During the years 1928-1932, William Faulkner wrote and published three novels containing varying but significant amounts of Biblical content and symbolism: The Sound and the Fury (1929), As I Lay Dying (1930), and Light in August (1932). In The Sound and the Fury, the characters of Benjy and Quentin Compson share some characteristics of Christ figures, but receive irony-laden treatment. The novel, however, presents the purest Christian character of this period of Faulkner's writing--the Compson family's Negro servant Dilsey. The Bible holds a similar influence over As I Lay Dying, specifically in the Old Testament. The Christian characters ...


The Nelson Slade Bond Collection At Marshall University, Nat Debruin, Lisle Brown, Andrew Earles Apr 2009

The Nelson Slade Bond Collection At Marshall University, Nat Debruin, Lisle Brown, Andrew Earles

Nat DeBruin

Nelson Slade Bond had a varied writing career that spanned 70 years. Primarily known for science fiction short stories, Bond also wrote plays, radio and television scripts, newspaper and magazine articles, poetry, public relations material, and books. The collection reflects the author's professional and personal lives consisting of writings, correspondence, business papers and financial records from 1925 to 2005. The collection has approximately 370 magazines containing stories published by Nelson Bond. Although Bond wrote detective and sport stories, he is primarily known as a science fiction and fantasy author from the Golden Age of science fiction contemporary to authors ...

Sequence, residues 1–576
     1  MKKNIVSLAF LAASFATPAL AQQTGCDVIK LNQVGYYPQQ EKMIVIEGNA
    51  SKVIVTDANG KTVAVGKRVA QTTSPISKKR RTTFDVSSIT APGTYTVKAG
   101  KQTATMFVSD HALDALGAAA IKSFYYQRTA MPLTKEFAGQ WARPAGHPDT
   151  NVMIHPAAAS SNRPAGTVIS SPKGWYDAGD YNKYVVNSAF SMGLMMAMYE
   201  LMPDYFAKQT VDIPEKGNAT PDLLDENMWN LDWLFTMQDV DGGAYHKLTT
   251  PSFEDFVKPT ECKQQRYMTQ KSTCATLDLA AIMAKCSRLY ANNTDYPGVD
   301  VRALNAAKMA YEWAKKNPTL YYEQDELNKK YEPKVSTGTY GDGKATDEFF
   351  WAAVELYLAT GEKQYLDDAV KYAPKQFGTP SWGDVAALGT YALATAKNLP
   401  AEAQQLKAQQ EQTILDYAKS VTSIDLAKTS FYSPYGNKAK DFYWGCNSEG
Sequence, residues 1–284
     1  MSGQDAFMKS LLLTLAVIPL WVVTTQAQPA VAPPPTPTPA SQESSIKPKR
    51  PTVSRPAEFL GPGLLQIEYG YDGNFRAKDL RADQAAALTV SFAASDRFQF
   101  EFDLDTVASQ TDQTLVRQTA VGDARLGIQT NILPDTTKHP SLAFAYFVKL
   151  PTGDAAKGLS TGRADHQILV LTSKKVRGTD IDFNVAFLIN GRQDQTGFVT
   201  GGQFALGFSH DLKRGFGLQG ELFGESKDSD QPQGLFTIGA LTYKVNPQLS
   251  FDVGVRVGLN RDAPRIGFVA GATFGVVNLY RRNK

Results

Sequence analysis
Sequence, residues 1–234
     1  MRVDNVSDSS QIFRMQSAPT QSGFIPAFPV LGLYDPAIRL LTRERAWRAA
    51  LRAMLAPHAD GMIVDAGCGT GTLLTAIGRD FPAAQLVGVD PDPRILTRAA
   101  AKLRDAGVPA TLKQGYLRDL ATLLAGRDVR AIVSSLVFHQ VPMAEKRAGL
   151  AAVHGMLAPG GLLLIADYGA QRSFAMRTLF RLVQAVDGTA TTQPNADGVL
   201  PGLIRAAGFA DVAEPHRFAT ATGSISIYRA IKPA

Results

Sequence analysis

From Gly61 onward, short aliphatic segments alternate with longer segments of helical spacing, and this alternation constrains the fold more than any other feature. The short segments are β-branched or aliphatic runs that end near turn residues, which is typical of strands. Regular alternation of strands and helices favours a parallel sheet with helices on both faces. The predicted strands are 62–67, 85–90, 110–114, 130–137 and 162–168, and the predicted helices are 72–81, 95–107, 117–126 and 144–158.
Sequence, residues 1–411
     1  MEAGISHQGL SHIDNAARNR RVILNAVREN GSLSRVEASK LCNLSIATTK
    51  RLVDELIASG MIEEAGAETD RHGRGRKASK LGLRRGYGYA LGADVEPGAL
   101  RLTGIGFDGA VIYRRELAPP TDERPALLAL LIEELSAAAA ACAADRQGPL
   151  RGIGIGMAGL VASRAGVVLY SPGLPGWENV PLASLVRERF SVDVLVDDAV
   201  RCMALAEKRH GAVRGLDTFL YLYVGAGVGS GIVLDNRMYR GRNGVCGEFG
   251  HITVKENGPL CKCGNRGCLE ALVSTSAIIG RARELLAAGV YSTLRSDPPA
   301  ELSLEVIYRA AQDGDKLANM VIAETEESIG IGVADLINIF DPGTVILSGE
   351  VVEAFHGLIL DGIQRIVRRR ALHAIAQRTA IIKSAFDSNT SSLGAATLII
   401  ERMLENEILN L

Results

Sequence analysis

The Nelson Slade Bond Collection At Marshall University, Nat Debruin, Lisle Brown, Andrew Earles Apr 2009

The Nelson Slade Bond Collection At Marshall University, Nat Debruin, Lisle Brown, Andrew Earles

Lisle G Brown

Nelson Slade Bond had a varied writing career that spanned 70 years. Primarily known for science fiction short stories, Bond also wrote plays, radio and television scripts, newspaper and magazine articles, poetry, public relations material, and books. The collection reflects the author's professional and personal lives consisting of writings, correspondence, business papers and financial records from 1925 to 2005. The collection has approximately 370 magazines containing stories published by Nelson Bond. Although Bond wrote detective and sport stories, he is primarily known as a science fiction and fantasy author from the Golden Age of science fiction contemporary to authors ...